By Rob Hubbard – Pioneer Press – October 3, 2016
“There’s a meeting here tonight.” So sang Cantus from the stage of Minneapolis’ Orchestra Hall on Monday evening. And what a rare meeting it was, as the Twin Cities group widely regarded as America’s second-best male vocal ensemble gathered with the consensus choice for the best, San Francisco’s Chanticleer. Performing both separately and together, the groups seemed to send a sellout crowd of over 2,100 into a state of euphoria that likely lasted well into Tuesday morning.
It was Chanticleer that first inspired the formation of Cantus at Northfield’s St. Olaf College, where nine guys dreamed of making a living out of singing vocal music. They’ve accomplished that, along with having an enthusiastic local following and an exhausting travel schedule, just like their Bay Area comrades. If anyone imagined this as some sort of battle of the bands, there was way too much mutual admiration in this collaboration for that.
A big part of what made this such a rewarding performance was the stylistic contrast between the two groups. Cantus recently reduced its numbers to eight, while Chanticleer consists of 12 men, six of them singing in the countertenor range. So they have a fuller sound and climb considerably higher up the scale than Cantus. This made for a spine-tingling dichotomy between ethereal Chanticleer and earthy Cantus when they stood across the stage from one another, trading antiphonal phrases and fugues on the liturgical music by Renaissance composer Giovanni Gabrieli that opened the concert’s second half.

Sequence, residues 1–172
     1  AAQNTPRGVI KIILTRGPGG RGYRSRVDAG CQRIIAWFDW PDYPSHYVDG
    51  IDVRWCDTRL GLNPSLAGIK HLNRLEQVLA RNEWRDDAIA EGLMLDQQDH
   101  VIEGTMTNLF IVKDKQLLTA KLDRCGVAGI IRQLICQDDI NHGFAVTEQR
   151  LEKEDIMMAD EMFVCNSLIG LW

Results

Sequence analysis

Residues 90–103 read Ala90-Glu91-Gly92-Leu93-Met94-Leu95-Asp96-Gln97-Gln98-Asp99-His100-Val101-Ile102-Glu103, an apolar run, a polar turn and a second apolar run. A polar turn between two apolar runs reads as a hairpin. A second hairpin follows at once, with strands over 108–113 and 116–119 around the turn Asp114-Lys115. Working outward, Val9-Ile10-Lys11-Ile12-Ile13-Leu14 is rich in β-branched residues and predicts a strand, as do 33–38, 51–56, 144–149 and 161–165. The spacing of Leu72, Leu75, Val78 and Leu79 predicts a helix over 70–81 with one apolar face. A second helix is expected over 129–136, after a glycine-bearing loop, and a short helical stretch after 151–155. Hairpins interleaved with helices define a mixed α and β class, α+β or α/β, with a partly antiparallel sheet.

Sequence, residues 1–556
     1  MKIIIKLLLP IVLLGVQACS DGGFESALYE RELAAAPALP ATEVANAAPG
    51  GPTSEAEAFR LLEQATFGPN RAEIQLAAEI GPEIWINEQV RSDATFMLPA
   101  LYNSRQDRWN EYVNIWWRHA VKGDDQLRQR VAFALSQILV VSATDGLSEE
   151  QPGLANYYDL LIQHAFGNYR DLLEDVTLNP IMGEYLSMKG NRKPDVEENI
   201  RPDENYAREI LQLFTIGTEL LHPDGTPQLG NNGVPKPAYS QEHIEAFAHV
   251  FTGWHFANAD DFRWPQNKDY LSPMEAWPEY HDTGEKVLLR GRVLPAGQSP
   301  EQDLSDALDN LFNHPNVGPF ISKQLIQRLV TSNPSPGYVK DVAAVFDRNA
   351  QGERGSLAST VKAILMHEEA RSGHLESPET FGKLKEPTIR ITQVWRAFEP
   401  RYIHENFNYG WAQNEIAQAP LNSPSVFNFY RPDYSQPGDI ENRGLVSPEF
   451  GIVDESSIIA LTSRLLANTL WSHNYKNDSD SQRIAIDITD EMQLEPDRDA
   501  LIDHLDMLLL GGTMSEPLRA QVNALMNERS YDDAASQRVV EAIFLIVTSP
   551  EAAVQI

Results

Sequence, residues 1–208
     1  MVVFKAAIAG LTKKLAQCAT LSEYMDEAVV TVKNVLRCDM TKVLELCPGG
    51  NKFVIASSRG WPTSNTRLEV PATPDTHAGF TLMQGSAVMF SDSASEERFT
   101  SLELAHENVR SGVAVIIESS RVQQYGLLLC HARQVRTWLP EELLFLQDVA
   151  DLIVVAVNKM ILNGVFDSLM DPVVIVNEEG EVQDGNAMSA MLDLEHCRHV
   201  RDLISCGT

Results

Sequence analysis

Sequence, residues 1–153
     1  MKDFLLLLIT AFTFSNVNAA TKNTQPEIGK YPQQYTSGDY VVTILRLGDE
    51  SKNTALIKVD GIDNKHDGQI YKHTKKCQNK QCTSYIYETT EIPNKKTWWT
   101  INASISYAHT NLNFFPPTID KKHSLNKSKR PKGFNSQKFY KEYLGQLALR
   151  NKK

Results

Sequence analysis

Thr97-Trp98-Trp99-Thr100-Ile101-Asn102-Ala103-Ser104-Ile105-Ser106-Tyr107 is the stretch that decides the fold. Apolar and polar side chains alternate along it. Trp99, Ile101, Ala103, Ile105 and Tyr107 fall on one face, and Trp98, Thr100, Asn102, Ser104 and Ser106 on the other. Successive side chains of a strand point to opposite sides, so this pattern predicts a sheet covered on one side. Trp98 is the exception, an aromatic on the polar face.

By that time, the groups had finished trading three-song mini-sets. Chanticleer started the evening with 16th-century songs both sacred and romantic before Cantus responded with three contemporary works, including the premiere of a song by Jeff Beal (composer of the soundtrack for the TV series “House of Cards”) that set a poem written in a prisoner-of-war’s cell and brought chills with both text and harmonic textures.
Chanticleer responded with three Russian songs, including an arrangement of Sergei Rachmaninoff’s “Vocalise” that provided a fine showcase for the heavenly countertenor voice of Cortez Mitchell but never achieved the sad, ghostly quality within the work. Far more haunting was Cantus’ interpretation of Christine Donkin’s “In Flanders Fields.” And the audience was enraptured when the two ensembles combined for a 20-voice version of Franz Biebl’s “Ave Maria,” a signature song for both.
Yet far more exhilarating for me was the collaborative collection of four pieces that opened the second half. During the Gabrieli, it became clear that the tux-clad Chanticleer is the more stately and refined ensemble, customarily standing still and singing outward, while Cantus thrives on physical interaction, cuing one another with eye contact while bobbing and swaying. After a breathtakingly beautiful version of Stephen Paulus’ “Pilgrims’ Hymn,” the music remained hypnotic on Moses Hogan’s arrangement of the spiritual “Deep River.”
Hogan’s arrangements clearly provided common ground within the combined ensemble, as his “Ride the Chariot” closed the program before an exhilarating encore of “We Shall Walk Through the Valley in Peace” and “Good News, Chariot’s Comin’.” This may have been the Twin Cities area’s quintessential celebration of the human voice this year, and the choral-crazy crowd sent the 20 men off by raising their own voices in cheers and whoops akin to what might have been found across downtown Minneapolis at the Vikings game.